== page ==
Death is inevitable. You get no choice in the matter. But living a life of meaning and the type of life you want is up to you. As Steve Jobs said, death is a tool to help you make the right choices in life. Make sure you spend your days on what you value most.

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We’re Not God, We Don’t Have Answers

Sunday night I was stunned and saddened to find out, via Twitter, that Dr. Myles Munroe, a renowned pastor and leader from the Bahamas, died in a plane crash along with his wife and seven others. I loved listening to Dr. Munroe speak. His teaching was so profound, insightful, and inspiring. And he always had a smile on his face when he preached, so he felt welcoming.We're Not God, We Don't Have Answers

Though I haven’t heard Dr. Munroe in a while, and haven’t read any of his books (he’s written or co-authored about 100), his tragic death hit home for me.

When untimely tragedies like this happen, we are forced to contemplate difficult questions of life and faith. Unfortunately, we don’t have proper answers to the questions.

I read several post on social media following news of Dr. Munroe’s death Sunday, with some people saying the pastor had finished his assignment and that his work on earth was complete. Those words are often used to help the mourning come to terms with their loss, but I question the accuracy of it.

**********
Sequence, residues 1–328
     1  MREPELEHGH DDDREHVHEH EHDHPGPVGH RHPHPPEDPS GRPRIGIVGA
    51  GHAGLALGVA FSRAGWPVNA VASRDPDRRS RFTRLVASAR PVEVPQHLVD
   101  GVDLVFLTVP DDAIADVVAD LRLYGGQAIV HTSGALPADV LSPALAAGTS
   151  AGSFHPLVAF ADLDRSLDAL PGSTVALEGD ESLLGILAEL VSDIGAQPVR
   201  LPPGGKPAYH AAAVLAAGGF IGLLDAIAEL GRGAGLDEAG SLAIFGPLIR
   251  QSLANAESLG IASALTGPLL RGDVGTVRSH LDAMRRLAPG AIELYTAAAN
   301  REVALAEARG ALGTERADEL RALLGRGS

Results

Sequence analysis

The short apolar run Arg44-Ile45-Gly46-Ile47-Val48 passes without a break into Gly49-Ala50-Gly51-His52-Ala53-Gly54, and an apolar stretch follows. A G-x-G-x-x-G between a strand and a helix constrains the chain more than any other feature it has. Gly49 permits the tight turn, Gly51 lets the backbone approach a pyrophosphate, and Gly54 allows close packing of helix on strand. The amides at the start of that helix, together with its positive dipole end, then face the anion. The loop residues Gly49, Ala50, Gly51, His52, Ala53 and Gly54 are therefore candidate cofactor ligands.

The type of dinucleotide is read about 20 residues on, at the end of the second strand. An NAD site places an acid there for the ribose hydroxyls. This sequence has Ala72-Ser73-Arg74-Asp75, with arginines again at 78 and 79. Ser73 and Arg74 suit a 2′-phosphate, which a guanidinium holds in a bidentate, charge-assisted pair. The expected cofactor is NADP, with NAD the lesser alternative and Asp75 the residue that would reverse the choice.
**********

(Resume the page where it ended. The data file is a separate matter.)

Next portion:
How do we know Dr. Munroe’s assignment was complete and his purpose fulfilled? It might have been, but it might not have been either. Surely he has done more than most to advance the Kingdom of God in his lifetime, and he lived a full life. But just 60 years old and en route to a leadership conference, Dr. Munroe could have still done plenty more and impacted more lives.

I don’t know if Dr. Munroe’s time was up and he was just ordained to die on that day. But neither does anyone else on earth.

We like to have answers. Maybe we think it will help us sleep better at night or deal with difficulties in life. Maybe it’s just part of our culture, or just human arrogance that we need to know why. But I’ve found God rarely gives us answers despite our myriad questions. And He does it for a reason…faith.

We just have to trust Him. Trust Him when He tells us to do something that makes no sense. Trust Him when we experience an inexplicable tragedy. Trust Him in life, and trust Him in death. We don’t need answers, we just need Him. And though He never promised us answers, He has promised His presence.

Our theology — no matter how profound, historical, researched, spiritual and biblical — is inadequate to provide reasons and answers to difficult things of life. We do more harm than good when we try to give an explanation for everything.